Today the Boston Red Sox announced the launch of a Spanish-language webpage, redsox.com/beisbol, as well as a Spanish Twitter account @redsoxbeisbol. Social media is still a (relatively) new frontier for Major League Baseball teams; the Red Sox are just the 8th team to have a dedicated Spanish-language Twitter and/or Facebook. However, Los Red Sox are the 21st team to create a Spanish-language webpage meaning there are still 9 teams lacking one. The question is, why are the teams without a Spanish-language page reluctant to create such a site?
The teams currently without an official Spanish webpage are the Blue Jays, Brewers, Cardinals, Indians, Orioles, Phillies, Pirates, Reds, and Twins. If the teams do not add any content and simply translate their current pages, what’s the hold-up? In the cases of Baltimore, Cincinnati, Minnesota, Pittsburgh, St.Louis, and Toronto, Hispanics and Latinos make up less than 5% of the population in each respective city (per the most recent U.S. Census), but that should not be a valid excuse; 27% of current Major League ballplayers are Latino, it would appear that the interest is certainly there.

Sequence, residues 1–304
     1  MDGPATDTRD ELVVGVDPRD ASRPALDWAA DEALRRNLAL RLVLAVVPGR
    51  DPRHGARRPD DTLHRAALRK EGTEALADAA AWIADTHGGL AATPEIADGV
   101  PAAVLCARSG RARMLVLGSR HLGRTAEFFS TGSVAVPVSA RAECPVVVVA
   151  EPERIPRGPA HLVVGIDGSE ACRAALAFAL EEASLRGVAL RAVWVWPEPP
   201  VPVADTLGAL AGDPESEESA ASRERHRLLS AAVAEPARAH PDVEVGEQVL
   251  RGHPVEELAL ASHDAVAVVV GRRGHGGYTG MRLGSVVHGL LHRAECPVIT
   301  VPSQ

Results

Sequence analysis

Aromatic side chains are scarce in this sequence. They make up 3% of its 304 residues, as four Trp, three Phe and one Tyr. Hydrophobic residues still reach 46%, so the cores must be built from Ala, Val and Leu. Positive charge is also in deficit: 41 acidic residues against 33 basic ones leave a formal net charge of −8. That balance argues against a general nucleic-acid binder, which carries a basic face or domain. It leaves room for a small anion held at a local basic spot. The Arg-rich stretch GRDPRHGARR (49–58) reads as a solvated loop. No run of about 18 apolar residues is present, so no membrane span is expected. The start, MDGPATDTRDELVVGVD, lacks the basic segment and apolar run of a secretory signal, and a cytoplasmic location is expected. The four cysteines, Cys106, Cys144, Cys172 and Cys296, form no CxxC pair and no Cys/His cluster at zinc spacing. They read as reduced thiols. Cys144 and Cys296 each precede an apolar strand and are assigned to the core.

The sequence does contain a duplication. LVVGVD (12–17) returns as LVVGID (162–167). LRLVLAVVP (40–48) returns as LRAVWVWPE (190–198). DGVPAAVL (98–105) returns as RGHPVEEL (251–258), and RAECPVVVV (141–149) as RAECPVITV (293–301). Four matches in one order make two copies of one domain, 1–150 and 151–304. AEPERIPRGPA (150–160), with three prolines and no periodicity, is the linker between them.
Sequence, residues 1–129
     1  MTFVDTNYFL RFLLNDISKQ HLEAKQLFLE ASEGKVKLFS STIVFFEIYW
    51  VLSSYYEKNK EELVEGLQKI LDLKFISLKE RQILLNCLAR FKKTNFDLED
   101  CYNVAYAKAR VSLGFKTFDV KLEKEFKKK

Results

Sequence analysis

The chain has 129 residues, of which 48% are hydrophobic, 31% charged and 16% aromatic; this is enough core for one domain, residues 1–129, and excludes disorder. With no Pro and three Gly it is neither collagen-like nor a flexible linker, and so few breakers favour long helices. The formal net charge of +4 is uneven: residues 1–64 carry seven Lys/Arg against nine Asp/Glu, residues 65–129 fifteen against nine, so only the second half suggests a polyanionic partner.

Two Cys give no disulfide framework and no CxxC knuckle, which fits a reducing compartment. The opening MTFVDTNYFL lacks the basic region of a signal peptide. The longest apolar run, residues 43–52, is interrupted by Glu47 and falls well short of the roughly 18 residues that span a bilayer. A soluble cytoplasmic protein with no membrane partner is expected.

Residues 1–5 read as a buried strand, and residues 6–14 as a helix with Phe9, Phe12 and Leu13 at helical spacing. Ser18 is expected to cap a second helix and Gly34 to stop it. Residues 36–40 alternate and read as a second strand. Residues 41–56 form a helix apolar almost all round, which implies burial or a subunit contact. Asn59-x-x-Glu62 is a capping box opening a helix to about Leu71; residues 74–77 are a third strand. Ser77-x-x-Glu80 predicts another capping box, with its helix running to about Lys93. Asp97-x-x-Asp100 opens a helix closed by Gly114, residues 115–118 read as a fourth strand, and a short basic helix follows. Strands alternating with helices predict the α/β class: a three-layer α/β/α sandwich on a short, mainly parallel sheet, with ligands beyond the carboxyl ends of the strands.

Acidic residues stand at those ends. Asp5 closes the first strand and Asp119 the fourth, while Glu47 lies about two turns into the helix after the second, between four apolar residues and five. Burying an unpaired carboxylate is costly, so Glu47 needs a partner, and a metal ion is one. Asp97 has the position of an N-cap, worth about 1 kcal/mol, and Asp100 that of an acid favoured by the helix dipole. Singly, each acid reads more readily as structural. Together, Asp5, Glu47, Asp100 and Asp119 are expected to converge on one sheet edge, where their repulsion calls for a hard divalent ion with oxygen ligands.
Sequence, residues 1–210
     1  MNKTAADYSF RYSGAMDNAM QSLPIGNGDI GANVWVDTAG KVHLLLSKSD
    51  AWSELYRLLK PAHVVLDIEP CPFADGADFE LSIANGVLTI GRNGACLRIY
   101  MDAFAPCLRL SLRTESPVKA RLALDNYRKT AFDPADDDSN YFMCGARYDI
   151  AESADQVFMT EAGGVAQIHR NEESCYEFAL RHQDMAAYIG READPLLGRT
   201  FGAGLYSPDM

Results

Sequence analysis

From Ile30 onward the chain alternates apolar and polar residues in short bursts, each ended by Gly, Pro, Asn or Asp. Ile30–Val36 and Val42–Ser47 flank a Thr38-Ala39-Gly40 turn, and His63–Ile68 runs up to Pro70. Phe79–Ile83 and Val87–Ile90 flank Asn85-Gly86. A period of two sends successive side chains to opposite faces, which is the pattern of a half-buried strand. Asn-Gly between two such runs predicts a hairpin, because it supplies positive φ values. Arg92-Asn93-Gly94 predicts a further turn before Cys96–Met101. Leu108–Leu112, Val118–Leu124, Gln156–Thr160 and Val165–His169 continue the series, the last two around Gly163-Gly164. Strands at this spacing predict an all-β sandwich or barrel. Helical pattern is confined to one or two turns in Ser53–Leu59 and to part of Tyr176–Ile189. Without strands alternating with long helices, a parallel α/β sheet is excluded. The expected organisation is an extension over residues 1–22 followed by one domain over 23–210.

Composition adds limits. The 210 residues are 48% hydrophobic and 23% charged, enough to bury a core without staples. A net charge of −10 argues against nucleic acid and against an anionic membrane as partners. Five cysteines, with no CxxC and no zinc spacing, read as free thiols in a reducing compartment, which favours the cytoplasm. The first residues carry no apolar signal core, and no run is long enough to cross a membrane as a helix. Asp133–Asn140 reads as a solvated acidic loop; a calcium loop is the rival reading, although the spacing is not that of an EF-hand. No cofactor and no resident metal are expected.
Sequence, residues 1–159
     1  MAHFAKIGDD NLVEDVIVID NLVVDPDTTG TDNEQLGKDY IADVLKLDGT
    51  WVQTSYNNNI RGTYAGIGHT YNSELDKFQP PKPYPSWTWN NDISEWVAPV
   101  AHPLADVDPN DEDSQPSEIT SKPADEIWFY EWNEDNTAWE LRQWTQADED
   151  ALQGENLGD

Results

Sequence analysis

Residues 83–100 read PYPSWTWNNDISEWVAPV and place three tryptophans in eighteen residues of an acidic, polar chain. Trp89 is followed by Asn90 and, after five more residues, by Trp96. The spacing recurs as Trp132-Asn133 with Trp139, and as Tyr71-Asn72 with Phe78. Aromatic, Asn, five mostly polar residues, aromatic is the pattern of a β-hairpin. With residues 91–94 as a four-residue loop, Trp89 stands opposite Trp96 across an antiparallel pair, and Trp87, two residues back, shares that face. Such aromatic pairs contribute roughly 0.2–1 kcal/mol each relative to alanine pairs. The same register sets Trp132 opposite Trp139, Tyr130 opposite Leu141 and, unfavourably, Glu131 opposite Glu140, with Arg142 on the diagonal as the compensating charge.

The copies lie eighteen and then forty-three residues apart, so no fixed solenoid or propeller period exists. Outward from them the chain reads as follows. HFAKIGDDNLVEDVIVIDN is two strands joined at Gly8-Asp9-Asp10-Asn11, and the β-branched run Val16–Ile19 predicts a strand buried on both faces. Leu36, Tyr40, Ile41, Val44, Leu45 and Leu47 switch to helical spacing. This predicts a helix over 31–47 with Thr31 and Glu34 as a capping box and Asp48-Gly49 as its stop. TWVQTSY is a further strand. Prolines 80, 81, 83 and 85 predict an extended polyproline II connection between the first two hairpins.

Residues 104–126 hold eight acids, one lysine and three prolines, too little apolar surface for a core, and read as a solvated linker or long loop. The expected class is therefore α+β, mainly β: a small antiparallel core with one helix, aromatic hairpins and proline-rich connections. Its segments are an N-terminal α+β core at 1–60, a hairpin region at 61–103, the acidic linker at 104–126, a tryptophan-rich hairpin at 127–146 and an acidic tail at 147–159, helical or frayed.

The Phillies (5.7%), Indians (7.3%), and especially the Brewers (13.3%) need to leverage the Hispanic presence in their home cities. The San Francisco Giants have a similar Hispanic presence (14.1%) and have two specific positions in the front office targeted at that audience including a Hispanic Sales and Marketing Coordinator. The aforementioned teams are leaving thousands of dollars on the table in both online advertising and ticket sales by not having a dedicated Spanish-language team website. Team executives would be wise to look at the numbers and adjust their sales and marketing plans accordingly.